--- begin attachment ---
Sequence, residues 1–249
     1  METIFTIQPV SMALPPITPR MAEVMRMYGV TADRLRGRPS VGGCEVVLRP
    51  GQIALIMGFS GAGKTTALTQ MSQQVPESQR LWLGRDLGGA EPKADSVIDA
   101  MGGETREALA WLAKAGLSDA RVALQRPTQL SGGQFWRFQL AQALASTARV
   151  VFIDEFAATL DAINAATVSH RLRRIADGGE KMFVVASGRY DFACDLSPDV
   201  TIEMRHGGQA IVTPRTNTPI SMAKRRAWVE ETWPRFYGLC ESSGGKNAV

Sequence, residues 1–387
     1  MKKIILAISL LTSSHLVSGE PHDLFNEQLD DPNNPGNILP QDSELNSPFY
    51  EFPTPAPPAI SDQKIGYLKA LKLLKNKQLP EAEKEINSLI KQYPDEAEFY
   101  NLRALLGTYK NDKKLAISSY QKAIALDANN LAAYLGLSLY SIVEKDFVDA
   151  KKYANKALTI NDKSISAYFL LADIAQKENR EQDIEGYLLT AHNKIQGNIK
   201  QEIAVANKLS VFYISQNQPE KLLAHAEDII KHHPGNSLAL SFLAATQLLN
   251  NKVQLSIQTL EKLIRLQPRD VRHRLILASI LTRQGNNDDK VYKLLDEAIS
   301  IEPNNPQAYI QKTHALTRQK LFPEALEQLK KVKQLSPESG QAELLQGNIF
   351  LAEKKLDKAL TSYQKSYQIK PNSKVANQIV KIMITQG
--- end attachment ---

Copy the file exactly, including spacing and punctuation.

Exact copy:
Sequence, residues 1–249
     1  METIFTIQPV SMALPPITPR MAEVMRMYGV TADRLRGRPS VGGCEVVLRP
    51  GQIALIMGFS GAGKTTALTQ MSQQVPESQR LWLGRDLGGA EPKADSVIDA
   101  MGGETREALA WLAKAGLSDA RVALQRPTQL SGGQFWRFQL AQALASTARV
   151  VFIDEFAATL DAINAATVSH RLRRIADGGE KMFVVASGRY DFACDLSPDV
   201  TIEMRHGGQA IVTPRTNTPI SMAKRRAWVE ETWPRFYGLC ESSGGKNAV

Sequence, residues 1–387
     1  MKKIILAISL LTSSHLVSGE PHDLFNEQLD DPNNPGNILP QDSELNSPFY
    51  EFPTPAPPAI SDQKIGYLKA LKLLKNKQLP EAEKEINSLI KQYPDEAEFY
   101  NLRALLGTYK NDKKLAISSY QKAIALDANN LAAYLGLSLY SIVEKDFVDA
   151  KKYANKALTI NDKSISAYFL LADIAQKENR EQDIEGYLLT AHNKIQGNIK
   201  QEIAVANKLS VFYISQNQPE KLLAHAEDII KHHPGNSLAL SFLAATQLLN
   251  NKVQLSIQTL EKLIRLQPRD VRHRLILASI LTRQGNNDDK VYKLLDEAIS
   301  IEPNNPQAYI QKTHALTRQK LFPEALEQLK KVKQLSPESG QAELLQGNIF
   351  LAEKKLDKAL TSYQKSYQIK PNSKVANQIV KIMITQG